This year is the 60th anniversary of the Dec. 14, 1961 crash involving a school bus and train that killed 20 children in Weld County. That crash remains the deadliest traffic crash in Colorado history.
Rail Safety Week was (RSW), Sept. 20–26. The Colorado Department of Transportation is reminding motorists, pedestrians, and bicyclists to always use caution when approaching rail crossings.
Last year there were 20 traffic crashes involving trains in Colorado, resulting in nine injuries and three deaths. To reach the public, CDOT has created videos that provide warnings about crossing railroad tracks where there may not be gates or signals, known as passive crossings. Such crossings are common in rural areas of the state. In urban areas, RTD has released its own video on the importance of rail safety.
Every year in North America, 2,100 people are killed or seriously injured around tracks and trains — often at at-grade crossings.
“Safety at railroad grade crossings is a critical issue that we must address through improvements in signals and by reinforcing the need for all travelers to be extremely careful at train tracks,” said Darrell Lingk, Director of the Highway Safety Office at CDOT.
Since 2017, RSW has saved lives by educating and empowering the public to make safe decisions around trains and tracks and raising awareness of the need for rail safety education. This annual week-long event is a collaborative effort among Operation Lifesaver, Inc., state Operation Lifesaver programs, and rail safety partners across the U.S., Canada and Mexico. The goal of RSW is to raise awareness of the need for rail safety education and empower the public to be safe near highway-rail grade crossings and railroad rights-of-way.
Operation Lifesaver, Inc., a national rail safety education organization, works in partnership with the U.S. Department of Transportation and other organizations to observe Rail Safety Week each year. The organization’s “Stop Track Tragedies” public awareness campaign shows the impact that rail-related incidents have on families – and communities. ”
Operation Lifesaver works with CDOT to prevent crashes. Upgrades at railroad crossings with warning lights and gates is part of the CDOT Whole System Whole Safety program.
By law, trains always have the right of way, and avoiding a train collision is the responsibility of the driver, pedestrian, bicyclist or motorcyclist. A train cannot swerve, stop quickly or change directions to avert a collision. A train traveling at 55 mph requires a mile to stop – the length of more than 17 football fields – after applying the emergency brakes.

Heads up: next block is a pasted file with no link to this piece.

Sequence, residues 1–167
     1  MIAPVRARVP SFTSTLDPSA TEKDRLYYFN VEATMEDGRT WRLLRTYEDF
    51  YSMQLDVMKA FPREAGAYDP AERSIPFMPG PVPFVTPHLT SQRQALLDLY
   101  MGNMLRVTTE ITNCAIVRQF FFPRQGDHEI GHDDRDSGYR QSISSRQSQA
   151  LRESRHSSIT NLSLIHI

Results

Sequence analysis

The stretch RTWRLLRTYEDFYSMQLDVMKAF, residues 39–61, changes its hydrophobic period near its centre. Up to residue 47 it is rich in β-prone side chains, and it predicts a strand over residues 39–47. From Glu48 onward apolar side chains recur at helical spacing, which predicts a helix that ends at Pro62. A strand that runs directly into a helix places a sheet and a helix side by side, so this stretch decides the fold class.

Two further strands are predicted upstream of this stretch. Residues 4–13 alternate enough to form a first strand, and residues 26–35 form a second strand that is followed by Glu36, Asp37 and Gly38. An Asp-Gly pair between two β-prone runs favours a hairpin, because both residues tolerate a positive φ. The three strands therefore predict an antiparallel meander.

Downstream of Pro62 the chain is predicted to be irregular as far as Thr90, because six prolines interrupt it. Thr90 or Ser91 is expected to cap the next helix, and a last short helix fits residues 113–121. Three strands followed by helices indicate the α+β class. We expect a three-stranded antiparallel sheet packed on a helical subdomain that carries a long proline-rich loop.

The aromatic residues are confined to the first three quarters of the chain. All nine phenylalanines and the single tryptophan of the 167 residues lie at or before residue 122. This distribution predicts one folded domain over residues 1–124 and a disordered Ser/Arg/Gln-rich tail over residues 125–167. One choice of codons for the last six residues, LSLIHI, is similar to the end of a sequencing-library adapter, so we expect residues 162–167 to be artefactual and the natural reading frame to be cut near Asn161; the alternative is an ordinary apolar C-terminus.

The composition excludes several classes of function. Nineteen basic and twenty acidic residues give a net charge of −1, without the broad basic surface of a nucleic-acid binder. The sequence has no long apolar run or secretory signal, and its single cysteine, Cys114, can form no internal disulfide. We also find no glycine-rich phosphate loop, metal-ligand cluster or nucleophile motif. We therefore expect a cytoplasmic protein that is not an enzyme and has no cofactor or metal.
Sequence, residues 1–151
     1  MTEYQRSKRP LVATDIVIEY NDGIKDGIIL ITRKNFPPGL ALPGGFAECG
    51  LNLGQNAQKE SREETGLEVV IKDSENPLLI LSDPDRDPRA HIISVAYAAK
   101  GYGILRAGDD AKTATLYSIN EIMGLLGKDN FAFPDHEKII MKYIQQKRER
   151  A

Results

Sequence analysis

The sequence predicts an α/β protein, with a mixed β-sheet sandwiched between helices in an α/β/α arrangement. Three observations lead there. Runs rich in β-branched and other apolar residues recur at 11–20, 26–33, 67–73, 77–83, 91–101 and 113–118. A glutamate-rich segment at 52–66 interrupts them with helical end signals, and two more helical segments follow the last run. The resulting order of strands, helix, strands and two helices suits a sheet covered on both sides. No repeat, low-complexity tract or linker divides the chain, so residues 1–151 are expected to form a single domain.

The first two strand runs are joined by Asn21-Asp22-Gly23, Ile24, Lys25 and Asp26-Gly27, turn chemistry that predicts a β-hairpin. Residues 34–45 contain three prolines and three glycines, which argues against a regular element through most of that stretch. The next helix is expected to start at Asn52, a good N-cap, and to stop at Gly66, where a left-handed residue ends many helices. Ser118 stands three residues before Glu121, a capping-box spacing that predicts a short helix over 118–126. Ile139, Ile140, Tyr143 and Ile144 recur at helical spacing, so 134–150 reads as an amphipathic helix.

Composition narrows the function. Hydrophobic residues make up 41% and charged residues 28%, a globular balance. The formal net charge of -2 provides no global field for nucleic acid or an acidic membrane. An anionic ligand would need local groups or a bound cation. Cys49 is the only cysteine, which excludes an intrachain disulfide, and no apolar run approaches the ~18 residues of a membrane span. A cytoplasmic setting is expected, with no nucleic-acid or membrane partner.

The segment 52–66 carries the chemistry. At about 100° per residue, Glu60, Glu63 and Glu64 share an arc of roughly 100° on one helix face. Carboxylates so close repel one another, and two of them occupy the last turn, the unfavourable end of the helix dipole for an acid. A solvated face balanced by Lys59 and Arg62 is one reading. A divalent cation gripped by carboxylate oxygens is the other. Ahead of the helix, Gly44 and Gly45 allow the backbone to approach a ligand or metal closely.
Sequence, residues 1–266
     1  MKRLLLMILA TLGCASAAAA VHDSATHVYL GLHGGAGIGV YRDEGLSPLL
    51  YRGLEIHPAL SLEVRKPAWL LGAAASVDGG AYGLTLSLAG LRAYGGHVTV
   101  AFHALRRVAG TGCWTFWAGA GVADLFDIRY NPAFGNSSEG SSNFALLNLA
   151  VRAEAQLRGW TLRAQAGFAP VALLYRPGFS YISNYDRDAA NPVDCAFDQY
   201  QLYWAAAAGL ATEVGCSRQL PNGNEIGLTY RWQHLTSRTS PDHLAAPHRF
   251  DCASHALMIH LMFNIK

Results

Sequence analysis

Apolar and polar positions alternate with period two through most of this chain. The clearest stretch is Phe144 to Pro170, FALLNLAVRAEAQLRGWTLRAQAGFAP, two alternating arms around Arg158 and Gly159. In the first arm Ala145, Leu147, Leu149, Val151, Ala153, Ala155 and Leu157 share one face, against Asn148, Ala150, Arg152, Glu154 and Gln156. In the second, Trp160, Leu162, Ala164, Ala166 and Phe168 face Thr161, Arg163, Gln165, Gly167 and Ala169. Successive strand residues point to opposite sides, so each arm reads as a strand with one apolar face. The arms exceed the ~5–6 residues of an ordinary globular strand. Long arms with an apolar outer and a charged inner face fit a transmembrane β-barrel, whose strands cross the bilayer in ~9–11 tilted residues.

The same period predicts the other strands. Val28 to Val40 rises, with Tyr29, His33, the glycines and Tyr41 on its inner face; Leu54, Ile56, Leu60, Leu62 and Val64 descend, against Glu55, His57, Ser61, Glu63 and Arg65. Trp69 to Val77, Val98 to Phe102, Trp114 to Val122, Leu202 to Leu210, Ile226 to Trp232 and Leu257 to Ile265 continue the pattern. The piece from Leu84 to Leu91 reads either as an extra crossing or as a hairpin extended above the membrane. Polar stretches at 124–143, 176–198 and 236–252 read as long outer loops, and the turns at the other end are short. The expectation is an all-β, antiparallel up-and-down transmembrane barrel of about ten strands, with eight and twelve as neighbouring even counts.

CDOT urges motorists to follow these tips to stay safe at railroad crossings:
- When approaching a railroad crossing, slow down, look and listen for a train on the tracks, especially at passive crossings where there are no gates or warning signals.
- Look carefully in both directions before crossing a rail track, even during the day.
- Do not rely on past experience to guess when a train is coming. Trains can travel from either direction at any time.
- Never race a train. It is easy to misjudge a train’s speed and distance from a crossing.
- Before entering a railroad crossing, check that there is enough room on the other side of the tracks for your vehicle to cross completely and safely. Be aware that you may need to cross multiple sets of tracks at some railroad crossings.
- Never stop on railroad tracks. Keep moving once you have entered the crossing. To avoid a vehicle stalling, never shift gears on the tracks.
- If your vehicle stalls on a railroad track, quickly move away from the track and your vehicle at a 45-degree angle to prevent being hit by debris. Call the phone number on the Emergency Notification System sign or, if the sign is not visible to you, dial 911 for help.
Nationally in 2018, 270 people were killed at railroad crossings, according to Federal Railroad Administration data, which was a 10-year high. Of those, 99 people died after the driver went around lowered crossing gate arms. In fact, from 2014–2018, the 1,538 drivers that were struck accounted for 14 percent of all train collisions—these were preventable crashes caused by risky driving behaviors and poor decision-making.
CDOT’s Whole System-Whole Safety program has one simple mission — to get everyone home safely. Our approximately 3,000 employees work tirelessly to reduce the rate and severity of crashes and improve the safety of all modes of transportation. The department manages more than 23,000 lane miles of highway, more than 3,000 bridges and 35 mountain passes. CDOT also manages grant partnerships with a range of agencies, including metropolitan planning organizations, local governments and airports. It also operates Bustang, the state-owned interregional express bus service. Gov. Jared Polis has charged CDOT to further build on the state’s intermodal mobility options.